Dorothy's Diary

Introductory Dorothy
Basic Profile
NAME: R. Dorothy Wayneright
AGE: 18
DOB: not 12/25/?? (it's the same as the real Dorothy)
BIRTHPLACE: Dr. Timothy's Wayneright's mansion, Paradigm City
HEIGHT: 160cm (~5'2")
WEIGHT: 130kg (~286.6 lbs.)
DRESS SIZE: About a 3
EYES: black
HAIR: red, pageboy style
SKIN: pale white
FAVORITE MUSIC: whatever wakes up Roger.
SPECIAL POWERS: CD-ROM drive, speed, strength, agility, lack of emotion.
DAILY EVENTS DIARY: read it here

Extended Profile

R. Dorothy Wayneright is the recreation of a young woman by her distraught father. When the real Dorothy died, her father made an android replica of his daughter and implanted the memories of the late Dorothy into his creation. Along with obvious advantages such as the ability to run at high speeds, the new Dorothy could also entertain her dad with her singing. A parallel is drawn between Dorothy's story and the classic fairy tale of the Nightingale.1

Nightingale imagery permeates storylines concerning the relationship between Dorothy and her father, Dr. Wayneright (acts 1, 2, 15). When Roger and Dorothy visit Dr. Wayneright's abandoned mansion in Act 15, the camera focues on a brass nightingale sitting in a cage. For those unfamiliar with the story, NightingaleThe Nightingale is the tale of a Chinese emperor who learned from travelers of a bird in his kingdom with a beautiful song. He was intent on hearing the song of this bird for himself and dispatched his assistants to seek it out and bring it to him. A little servant girl had heard its song and took his assistants to the beach where the bird lives. The bird was pleased to be invited to the palace to sing for the emperor, where he was moved to tears by its song. The Emperor promised the bird wealth and riches in exchange for its constant presence. The bird did not take well to her new life in captivity, where she was bound by foot with silk string and only allowed out of her cage twice a day, and left the palace. No one could understand why the Nightingale was so ungreatful. One day, a spectacular, jewel-encrusted mechanical replica of the Nightingale was delivered to the palace as a gift to the Emperor. The mechanical nightingale was thought to be favorable to the real one because it would always play the same song, and it was much more appealing to look at than the simple Nightingale's modest coat. The Emperor loved the bird, and as such so did his subjects. The real Nightingale was banished from his land.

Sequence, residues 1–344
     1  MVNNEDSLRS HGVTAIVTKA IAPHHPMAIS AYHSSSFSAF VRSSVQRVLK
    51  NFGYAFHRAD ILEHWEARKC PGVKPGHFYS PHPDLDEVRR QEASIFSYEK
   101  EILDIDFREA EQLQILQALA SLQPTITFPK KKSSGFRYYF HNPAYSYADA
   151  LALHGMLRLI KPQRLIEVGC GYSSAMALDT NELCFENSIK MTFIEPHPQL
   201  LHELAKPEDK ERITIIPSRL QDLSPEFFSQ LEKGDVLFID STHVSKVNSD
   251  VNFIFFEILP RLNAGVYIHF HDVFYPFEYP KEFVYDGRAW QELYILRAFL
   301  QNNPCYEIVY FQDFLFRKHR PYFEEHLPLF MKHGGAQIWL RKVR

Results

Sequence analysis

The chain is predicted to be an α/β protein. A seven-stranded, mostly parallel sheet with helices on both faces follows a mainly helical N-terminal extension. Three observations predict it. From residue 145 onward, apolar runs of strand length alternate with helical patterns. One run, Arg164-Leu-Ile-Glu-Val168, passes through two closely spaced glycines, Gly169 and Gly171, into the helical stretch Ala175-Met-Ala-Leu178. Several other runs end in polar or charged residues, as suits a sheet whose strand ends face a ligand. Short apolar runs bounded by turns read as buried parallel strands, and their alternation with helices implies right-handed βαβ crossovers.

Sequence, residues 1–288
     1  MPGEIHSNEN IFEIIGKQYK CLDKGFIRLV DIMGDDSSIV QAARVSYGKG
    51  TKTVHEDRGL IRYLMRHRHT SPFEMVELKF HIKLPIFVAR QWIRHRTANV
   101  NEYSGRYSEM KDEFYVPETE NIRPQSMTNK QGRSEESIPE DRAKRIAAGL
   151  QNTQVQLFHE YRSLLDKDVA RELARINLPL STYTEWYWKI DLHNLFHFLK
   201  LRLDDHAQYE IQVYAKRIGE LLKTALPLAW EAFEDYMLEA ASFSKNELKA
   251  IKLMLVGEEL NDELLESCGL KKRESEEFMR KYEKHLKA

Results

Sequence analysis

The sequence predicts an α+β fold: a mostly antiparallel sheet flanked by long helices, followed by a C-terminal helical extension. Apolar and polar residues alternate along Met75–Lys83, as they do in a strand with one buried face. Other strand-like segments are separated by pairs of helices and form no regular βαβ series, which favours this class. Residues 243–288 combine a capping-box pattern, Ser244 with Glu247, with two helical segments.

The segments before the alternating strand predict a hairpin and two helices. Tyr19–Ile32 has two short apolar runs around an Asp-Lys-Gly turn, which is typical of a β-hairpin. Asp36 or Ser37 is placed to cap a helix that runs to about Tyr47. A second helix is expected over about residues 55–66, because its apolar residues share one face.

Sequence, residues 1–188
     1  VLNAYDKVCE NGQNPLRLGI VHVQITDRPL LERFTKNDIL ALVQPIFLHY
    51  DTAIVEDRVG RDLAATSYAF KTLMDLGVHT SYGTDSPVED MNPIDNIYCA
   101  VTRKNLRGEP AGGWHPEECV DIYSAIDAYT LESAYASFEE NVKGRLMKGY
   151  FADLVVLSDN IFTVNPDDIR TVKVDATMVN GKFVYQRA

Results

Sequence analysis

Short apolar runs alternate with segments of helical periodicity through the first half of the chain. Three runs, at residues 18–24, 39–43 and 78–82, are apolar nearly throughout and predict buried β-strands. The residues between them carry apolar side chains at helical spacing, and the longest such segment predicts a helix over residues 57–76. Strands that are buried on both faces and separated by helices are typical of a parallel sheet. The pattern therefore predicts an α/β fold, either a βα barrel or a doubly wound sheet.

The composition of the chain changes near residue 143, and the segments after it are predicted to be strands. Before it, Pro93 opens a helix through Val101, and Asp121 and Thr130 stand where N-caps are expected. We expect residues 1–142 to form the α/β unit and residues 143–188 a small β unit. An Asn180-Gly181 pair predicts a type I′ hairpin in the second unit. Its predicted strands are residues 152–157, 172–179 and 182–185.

A year passed, and one night the mechanical nightingale had a fit. It had become worn out from constant use. The Emperor called his physician to the scene, who called for a watchmaker, who then declared that the barrels within the bird would have to be replaced. Replacing the barrels would damage the fake bird's ability to sing. The mechanical nightingale could only be played once a year. Five years passed, and the Emperor drew ill. He was expected to die, and a sucessor was chosen to take his place. Death paid a visit to the emperor, as did all of his sins. He begged the mechanical Nightingale to sing, but as there was no one around to wind it up, it remained silent. Suddenly, sweet song filled the air, as the real nightingale sat on a bough outside of the Emperor's window to sing for him, as she had heard of his illness.

The Emperor begged the Nightingale to continue, but she asked him if he would give her the same adornments and honors bestowed upon the mechanical bird. The treasures were given up for the true Nightingale's song. The Nightingale was promised a place in the kingdom, but she chose to remain in the outside world but promised to stay by the Emperor with her song. The Emperor that everyone thought to be as good as dead suprised everyone by standing up and wishing his servants a good morning.

Parallels are also made between R. Dorothy and Dorothy Gale from Kansas, better known as the female protagonist of The Wizard of Oz. This is more apparent in the audio drama that is not widely known by the American Big O audience, "Walking Down the Yellow Brick Road." Additional topics come up in the second season relating to this theme, including the introduction of a mech named Glinda.

1 Hans Christian Andersen, The Nightingale, 1844. Available from World Wide Web []

Design & words © Mara K. All rights reserved.